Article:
School Library Journal - School Library Journal
Gr 4-7-Twelve-year-old Wart isn't quite sure what to think when his father wakes him up and tells him that Rosie, their most troublesome horse, has escaped, followed by most of the other horses. Wart takes off alone on a lame horse, knowing that it will be nearly impossible to retrieve them-yet he must succeed, or his family will no longer be able to work the ranch. His father can't help, because his mother is in labor. Wart's trip is filled with adventure as he deals with weather, dangerous animals, and injuries. The Oregon setting in 1907 provides enough hardships to increase the pace of the story and contributes to the development of a well-rounded character with lots of charm and determination. Wart's trip affords him time to ponder his place in his family as well as his place in a changing world. This exciting story will both inform and involve readers, giving them a glimpse into the past without devolving into a history lesson.-Betsy Fraser, Calgary Public Library, Canada Copyright 2001 Cahners Business Information.
Kirkus Reviews
In the unforgiving terrain of eastern Oregon in the first decade of the 20th century, 12-year-old John Nolan (known to his family as"Wart") has been given a difficult, maybe even impossible job by his father. Because his mother is about to give birth, making it impossible for Wart's father to leave the family farm, it is up to Wart to find a group of runaway horses led by the temperamental and headstrong Ol' Rosie. Wart's father, gruff and uncommunicative, expects a great deal from his oldest son, leaving Wart feeling that whatever he does isn't good enough. Wart sets off before dawn and spends the day scouring the area around the farm, but with no luck. The next day, with his father's imaginary voice alternately chiding and encouraging him, Wart, amazingly, does manage to find the horses and get them home, but not before Ol' Rosie has taken on a cougar and killed it, and then bolted for her freedom, a freedom that Wart doesn't begrudge her. After Wart's dangerous expedition, he is beginning to see things differently."I've always thought of Pa as a real big man... . Hard as the rimrocks, strong as the biggest horse. But now all at once I saw that he isn't all that tall... . Maybe he isn't that hard, either, or that strong... ." Intermittently interesting, but generally slow-moving, despite the adventurous nature of Wart's journey, this novel all too deliberately sets out to show that this experience is a life-changing, fear-conquering, coming-of-age event for Wart. At least Wart offers a dissenting point of view to the hundreds of children's books that sing the praises of that oh-so-noble beast, the horse. Wart doesn't likethem."Youdon't get a whole lot of sympathy from a horse.A horse will kick you, and then when you're lying there on the ground—in a pile of manure—he will walk on you before you can get up." Not as powerful as Moeri's earlier Save Queen of Sheba (1981) or as action-packed as Gary Paulsen's The Haymeadow (1992), nevertheless this will appeal to readers who've enjoyed both. (Fiction. 8-12)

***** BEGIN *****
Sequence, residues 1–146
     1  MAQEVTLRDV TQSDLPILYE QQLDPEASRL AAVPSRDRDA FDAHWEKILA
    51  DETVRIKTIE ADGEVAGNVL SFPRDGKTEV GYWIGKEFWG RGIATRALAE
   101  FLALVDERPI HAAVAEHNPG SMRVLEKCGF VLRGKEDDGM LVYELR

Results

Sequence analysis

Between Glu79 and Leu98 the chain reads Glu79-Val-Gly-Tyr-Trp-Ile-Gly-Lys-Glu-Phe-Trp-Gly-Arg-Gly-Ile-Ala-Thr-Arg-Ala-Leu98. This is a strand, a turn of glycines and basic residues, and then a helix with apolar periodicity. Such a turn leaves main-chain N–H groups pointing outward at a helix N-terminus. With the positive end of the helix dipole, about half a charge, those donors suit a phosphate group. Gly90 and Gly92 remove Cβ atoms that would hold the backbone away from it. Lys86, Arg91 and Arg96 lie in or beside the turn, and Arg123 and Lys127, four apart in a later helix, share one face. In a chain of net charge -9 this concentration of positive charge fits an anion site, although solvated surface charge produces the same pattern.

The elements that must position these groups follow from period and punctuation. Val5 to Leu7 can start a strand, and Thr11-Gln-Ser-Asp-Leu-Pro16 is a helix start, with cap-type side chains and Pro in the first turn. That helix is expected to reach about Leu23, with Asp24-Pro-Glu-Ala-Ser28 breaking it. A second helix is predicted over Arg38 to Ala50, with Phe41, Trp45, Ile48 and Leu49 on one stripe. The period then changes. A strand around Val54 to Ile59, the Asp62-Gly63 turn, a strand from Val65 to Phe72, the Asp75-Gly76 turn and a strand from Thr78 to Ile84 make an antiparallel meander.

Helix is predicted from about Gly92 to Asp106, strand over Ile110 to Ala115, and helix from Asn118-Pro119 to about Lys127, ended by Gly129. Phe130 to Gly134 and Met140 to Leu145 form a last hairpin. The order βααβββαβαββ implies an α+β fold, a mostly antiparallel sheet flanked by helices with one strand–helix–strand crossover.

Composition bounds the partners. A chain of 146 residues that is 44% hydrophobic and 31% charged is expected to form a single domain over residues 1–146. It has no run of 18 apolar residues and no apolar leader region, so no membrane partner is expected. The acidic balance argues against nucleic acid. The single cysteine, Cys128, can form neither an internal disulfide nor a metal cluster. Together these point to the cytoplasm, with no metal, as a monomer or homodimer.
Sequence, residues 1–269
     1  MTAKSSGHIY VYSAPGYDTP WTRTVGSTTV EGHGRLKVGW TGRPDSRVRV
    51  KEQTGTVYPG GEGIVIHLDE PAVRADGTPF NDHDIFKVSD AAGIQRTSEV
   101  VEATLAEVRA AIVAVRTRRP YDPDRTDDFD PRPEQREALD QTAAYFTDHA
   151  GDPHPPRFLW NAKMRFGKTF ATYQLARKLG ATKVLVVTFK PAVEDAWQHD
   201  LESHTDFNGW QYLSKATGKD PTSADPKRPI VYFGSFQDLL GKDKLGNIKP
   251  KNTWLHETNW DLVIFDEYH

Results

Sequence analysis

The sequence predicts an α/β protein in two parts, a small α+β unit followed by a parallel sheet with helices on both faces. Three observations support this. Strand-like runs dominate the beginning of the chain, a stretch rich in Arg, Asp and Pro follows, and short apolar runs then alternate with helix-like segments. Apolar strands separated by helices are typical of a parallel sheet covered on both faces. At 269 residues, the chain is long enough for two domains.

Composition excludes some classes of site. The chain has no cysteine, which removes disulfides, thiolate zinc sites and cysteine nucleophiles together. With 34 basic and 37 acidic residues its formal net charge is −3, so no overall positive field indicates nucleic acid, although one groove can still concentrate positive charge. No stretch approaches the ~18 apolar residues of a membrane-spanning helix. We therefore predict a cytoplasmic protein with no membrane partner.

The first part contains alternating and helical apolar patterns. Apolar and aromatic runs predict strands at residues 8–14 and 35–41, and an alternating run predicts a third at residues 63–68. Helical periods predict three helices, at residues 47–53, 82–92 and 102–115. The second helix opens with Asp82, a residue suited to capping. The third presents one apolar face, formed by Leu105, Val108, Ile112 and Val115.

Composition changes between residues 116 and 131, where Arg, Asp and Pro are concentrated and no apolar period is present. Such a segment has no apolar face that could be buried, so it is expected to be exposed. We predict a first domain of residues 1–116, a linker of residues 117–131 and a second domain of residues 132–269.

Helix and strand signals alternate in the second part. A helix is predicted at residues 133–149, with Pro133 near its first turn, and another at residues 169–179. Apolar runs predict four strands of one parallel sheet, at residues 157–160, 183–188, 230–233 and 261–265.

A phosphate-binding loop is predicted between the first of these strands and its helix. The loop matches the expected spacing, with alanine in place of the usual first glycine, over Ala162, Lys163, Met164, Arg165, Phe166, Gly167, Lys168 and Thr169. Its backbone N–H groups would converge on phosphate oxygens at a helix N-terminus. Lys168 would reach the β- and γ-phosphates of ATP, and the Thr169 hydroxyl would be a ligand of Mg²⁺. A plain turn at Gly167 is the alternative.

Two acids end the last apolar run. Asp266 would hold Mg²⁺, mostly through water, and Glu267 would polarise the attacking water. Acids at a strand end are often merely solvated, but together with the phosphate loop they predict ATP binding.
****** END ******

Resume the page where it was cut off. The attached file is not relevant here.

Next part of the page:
Read More

Product Details

Cengage Gale
Publication date:
Juvenile Series
Edition description:
Large Print
Product dimensions:
5.70(w) x 8.50(h) x 0.70(d)
Age Range:
9 - 12 Years

Related Subjects

Customer Reviews

Average Review:

Write a Review

and post it to your social network


Most Helpful Customer Reviews

See all customer reviews >